What happens next? Strikes and co-ops are two different ways to respond to the finance-driven crisis of job losses and low wages. The first aims to build power at the bargaining table, the second to compete in the market.  The outcome’s unsure, but just like that first occupation at Republic, the experiments themselves have unleashed new potential.

It just goes to show what can happen when workers lead the way, and when, as Jim Hightower would say, those who say it can’t be done, get out of the way of those who are doing  it.

LAURA FLANDERS is the host of The Laura Flanders Show coming to public television stations later this year. She was the host and founder of GRITtv.org. Follow her on Twitter: @GRITlaura. 

Laura Flanders is the host of GRITtv now seen on the new, news channel TeleSUR English – for a new perspective. 

More articles by:

CounterPunch Magazine

minimag-edit

bernie-the-sandernistas-cover-344x550

zen economics

March 28, 2017
Mike Whitney
Ending Syria’s Nightmare will Take Pressure From Below 
Mark Kernan
Memory Against Forgetting: the Resonance of Bloody Sunday
John McMurtry
Fake News: the Unravelling of US Empire From Within
Ron Jacobs
Mad Dog, Meet Eris, Queen of Strife
Michael J. Sainato
State Dept. Condemns Attacks on Russian Peaceful Protests, Ignores Those in America
Ted Rall
Five Things the Democrats Could Do to Save Their Party (But Probably Won’t)
Linn Washington Jr.
Judge Neil Gorsuch’s Hiring Practices: Privilege or Prejudice?
Philippe Marlière
Benoît Hamon, the Socialist Presidential Hopeful, is Good News for the French Left
Norman Pollack
Political Cannibalism: Eating America’s Vitals
Bruce Mastron
Obamacare? Trumpcare? Why Not Cubacare?
David Macaray
Hollywood Screen and TV Writers Call for Strike Vote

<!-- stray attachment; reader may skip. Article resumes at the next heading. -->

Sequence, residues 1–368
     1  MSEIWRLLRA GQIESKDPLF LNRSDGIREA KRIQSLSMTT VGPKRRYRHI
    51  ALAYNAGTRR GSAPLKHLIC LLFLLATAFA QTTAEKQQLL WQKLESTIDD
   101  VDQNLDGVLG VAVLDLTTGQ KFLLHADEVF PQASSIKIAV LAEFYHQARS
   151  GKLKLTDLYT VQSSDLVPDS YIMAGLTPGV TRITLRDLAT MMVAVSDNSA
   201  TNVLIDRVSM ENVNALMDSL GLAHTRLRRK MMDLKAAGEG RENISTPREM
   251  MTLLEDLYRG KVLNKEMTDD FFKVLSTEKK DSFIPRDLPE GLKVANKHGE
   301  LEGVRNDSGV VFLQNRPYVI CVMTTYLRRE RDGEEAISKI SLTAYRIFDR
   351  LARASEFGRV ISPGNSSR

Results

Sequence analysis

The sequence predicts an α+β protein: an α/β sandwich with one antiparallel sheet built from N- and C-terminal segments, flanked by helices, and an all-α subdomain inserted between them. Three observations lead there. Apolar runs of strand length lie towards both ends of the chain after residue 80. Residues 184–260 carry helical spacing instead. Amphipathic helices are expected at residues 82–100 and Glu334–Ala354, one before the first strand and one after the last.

Christian Sorensen
We’ve Let Capitalism Kill the Planet
Rodolfo Acuna
What We Don’t Want to Know
Binoy Kampmark
The Futility of the Electronics Ban
Andrew Moss
Why ICE Raids Imperil Us All
March 27, 2017
Robert Hunziker
A Record-Setting Climate Going Bonkers
Frank Stricker
Why $15 an Hour Should be the Absolute Minimum Minimum Wage
Melvin Goodman
The Disappearance of Bipartisanship on the Intelligence Committees
Patrick Cockburn
ISIS’s Losses in Syria and Iraq Will Make It Difficult to Recruit
Russell Mokhiber
Single-Payer Bernie Morphs Into Public Option Dean
Gregory Barrett
Can Democracy Save Us?
Dave Lindorff
Budget Goes Military
John Heid
Disappeared on the Border: “Chase and Scatter” — to Death
Mark Weisbrot
The Troubling Financial Activities of an Ecuadorian Presidential Candidate
Robert Fisk
As ISIS’s Caliphate Shrinks, Syrian Anger Grows
Michael J. Sainato
Democratic Party Continues Shunning Popular Sanders Surrogates
Paul Bentley
Nazi Heritage: the Strange Saga of Chrystia Freeland’s Ukrainian Grandfather
Christopher Ketcham
Buddhism in the Storm
Thomas Barker
Platitudes in the Wake of London’s Terror Attack
Mike Hastie
Insane Truths: a Vietnam Vet on “Apocalypse Now, Redux”
Binoy Kampmark
Cyclone Watch in Australia
Weekend Edition
March 24, 2017
Friday - Sunday
Michael Hudson
Trump is Obama’s Legacy: Will this Break up the Democratic Party?
Eric Draitser
Donald Trump and the Triumph of White Identity Politics
Jeffrey St. Clair
Roaming Charges: Nothing Was Delivered
Andrew Levine
Ryan’s Choice
Joshua Frank
Global Coal in Freefall, Tar Sands Development Drying Up (Bad News for Keystone XL)
Anthony DiMaggio
Ditching the “Deep State”: The Rise of a New Conspiracy Theory in American Politics
Rob Urie
Boris and Natasha Visit Fantasy Island
John Wight
London and the Dreary Ritual of Terrorist Attacks
Paul Buhle
The CIA and the Intellectuals…Again
David Rosen
Why Did Trump Target Transgender Youth?
Vijay Prashad
Inventing Enemies
Ben Debney
Outrage From the Imperial Playbook
M. Shadee Malaklou
An Open Letter to Duke University’s Class of 2007, About Your Open Letter to Stephen Miller
Michael J. Sainato
Bernie Sanders’ Economic Advisor Shreds Trumponomics
FacebookTwitterGoogle+RedditEmail